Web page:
Fresh from reading a travel article about Bangkok by a popular travel writer I am compelled to say….’What’? I understand the challenge and influence that new cultural experiences can have on the psyche of a western traveler but this was full blown tropo from the get go. Booking a hotel room in the Patpong red light district might have been accidental, a rookie mistake. To write about the entirety of the city as an extension of the red light district is wrongheaded. No city should be judged solely on it’s flaws . I live in Bangkok and couldn’t find a sex show if I wanted to see one. I would have to consult a sex tourist website and seek out such a thing. Apparently they still exist. What I read was the narrow view from a Bangkok virgin unwilling or unable to seek out what lay beyond the few square blocks surrounding her hotel. This town is not all about sex, it never was. But it is very hot and humid and I forgive the writer for not wanting to venture far from the air conditioned security of her hotel and into the fray of this very busy city.
Travel touts got hold of the sex tourism idea and exploited it through the 1970’s to the 1990’s after a brief period of rest and recuperation stationing of American troops during the last few years of the Vietnam War. Stateside media popularized the flesh pot reminiscences of returning soldiers through the medium of dirty magazines. Sex tourism has contracted every year since and is dying in fits and stops. The dynamic economy has put a knife through it’s sordid heart. Of course, a novice traveler wouldn’t know that by walking the hoary beat along the few blocks of the red light district in central Bangkok or the gang infested stroll of Pattaya. Thailand is no longer the desperate Asian country bowing and scraping for sex tourist dollars as it might have been forty years ago.
The economy has taken on a distinctly western flavor and this is reflected in the people. A pervasive affluence and level of education has turned this country into a thriving modern democracy where expectations and lifestyle parallel any western nation. The modern malls and mega shopping developments are packed with Thai people enjoying their modern miracle to the fullest. Thai’s own homes and drive new cars. Credit is as easy to obtain and abuse as anywhere in the west. Of course the Thai’s are experiencing growing pains, they are mired in the politics of the past. What nation isn’t? But this is a rapidly changing demographic where eighty percent of the population is under thirty years old and has never known the global poverty of their parents generation.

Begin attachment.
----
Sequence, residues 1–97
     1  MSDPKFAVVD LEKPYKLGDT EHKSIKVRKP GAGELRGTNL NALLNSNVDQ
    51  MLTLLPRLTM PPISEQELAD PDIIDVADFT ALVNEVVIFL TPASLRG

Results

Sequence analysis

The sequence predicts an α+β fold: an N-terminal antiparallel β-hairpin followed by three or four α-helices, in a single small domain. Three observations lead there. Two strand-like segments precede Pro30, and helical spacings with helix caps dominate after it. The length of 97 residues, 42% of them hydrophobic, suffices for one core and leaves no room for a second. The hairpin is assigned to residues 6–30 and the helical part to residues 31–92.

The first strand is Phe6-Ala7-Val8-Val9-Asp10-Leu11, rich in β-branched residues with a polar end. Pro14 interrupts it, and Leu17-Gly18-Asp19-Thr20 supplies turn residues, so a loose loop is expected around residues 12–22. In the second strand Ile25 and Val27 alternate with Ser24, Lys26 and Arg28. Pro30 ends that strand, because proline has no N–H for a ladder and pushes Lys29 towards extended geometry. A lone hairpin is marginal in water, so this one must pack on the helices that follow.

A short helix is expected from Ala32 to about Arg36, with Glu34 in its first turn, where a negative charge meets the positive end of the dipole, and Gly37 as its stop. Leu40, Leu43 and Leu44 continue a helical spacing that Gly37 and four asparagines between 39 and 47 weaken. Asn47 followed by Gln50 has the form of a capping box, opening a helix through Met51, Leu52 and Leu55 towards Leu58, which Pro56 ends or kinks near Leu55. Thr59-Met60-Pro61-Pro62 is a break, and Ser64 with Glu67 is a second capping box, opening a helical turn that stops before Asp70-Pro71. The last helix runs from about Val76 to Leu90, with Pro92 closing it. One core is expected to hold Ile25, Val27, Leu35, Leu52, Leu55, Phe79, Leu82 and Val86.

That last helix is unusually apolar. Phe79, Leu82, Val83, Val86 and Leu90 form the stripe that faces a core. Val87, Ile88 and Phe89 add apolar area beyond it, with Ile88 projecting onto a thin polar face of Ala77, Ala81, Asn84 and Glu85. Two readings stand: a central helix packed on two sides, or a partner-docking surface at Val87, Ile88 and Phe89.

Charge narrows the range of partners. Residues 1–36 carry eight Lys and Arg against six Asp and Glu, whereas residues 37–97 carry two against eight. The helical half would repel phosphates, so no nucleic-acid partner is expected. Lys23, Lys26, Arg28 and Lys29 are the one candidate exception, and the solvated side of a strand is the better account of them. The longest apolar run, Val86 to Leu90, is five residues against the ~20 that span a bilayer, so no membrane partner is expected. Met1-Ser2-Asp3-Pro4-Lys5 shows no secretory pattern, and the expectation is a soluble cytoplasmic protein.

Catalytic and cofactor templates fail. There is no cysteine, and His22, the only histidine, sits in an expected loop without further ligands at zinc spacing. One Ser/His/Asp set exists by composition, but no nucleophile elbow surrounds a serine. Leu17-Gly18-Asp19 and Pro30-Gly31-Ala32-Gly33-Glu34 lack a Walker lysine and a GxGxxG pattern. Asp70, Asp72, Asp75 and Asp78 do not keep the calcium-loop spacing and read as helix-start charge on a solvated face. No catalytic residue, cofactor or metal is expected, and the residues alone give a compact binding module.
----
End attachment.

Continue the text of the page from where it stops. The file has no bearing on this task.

From a city that had no high rise buildings or shopping malls when I first came here thirty seven years ago, Bangkok has been transformed into a modern megalopolis threaded with the infrastructure of a burgeoning giant, where people live in suburbs and work at skilled jobs much the same as they would in Europe or North America. Yes, there is prostitution, but do you come to Thailand strictly for that in 2012? I would suggest not, there are too many other wonderful attributes to observe and enjoy as seen through my eyes. Thailand has become ‘The Hip Kingdom’. What is a real joy for the keen observer is how the culture has retained it’s innocence and sense of fun throughout the rapid changes of conversion into this twenty first century economy. Unlike the US model, people are generally being swept up and not being steamrolled under. In that way Thailand reminds me more of the 1950’s. Kid’s are having fun being kids and it’s OK for an adult to have a giggle in public.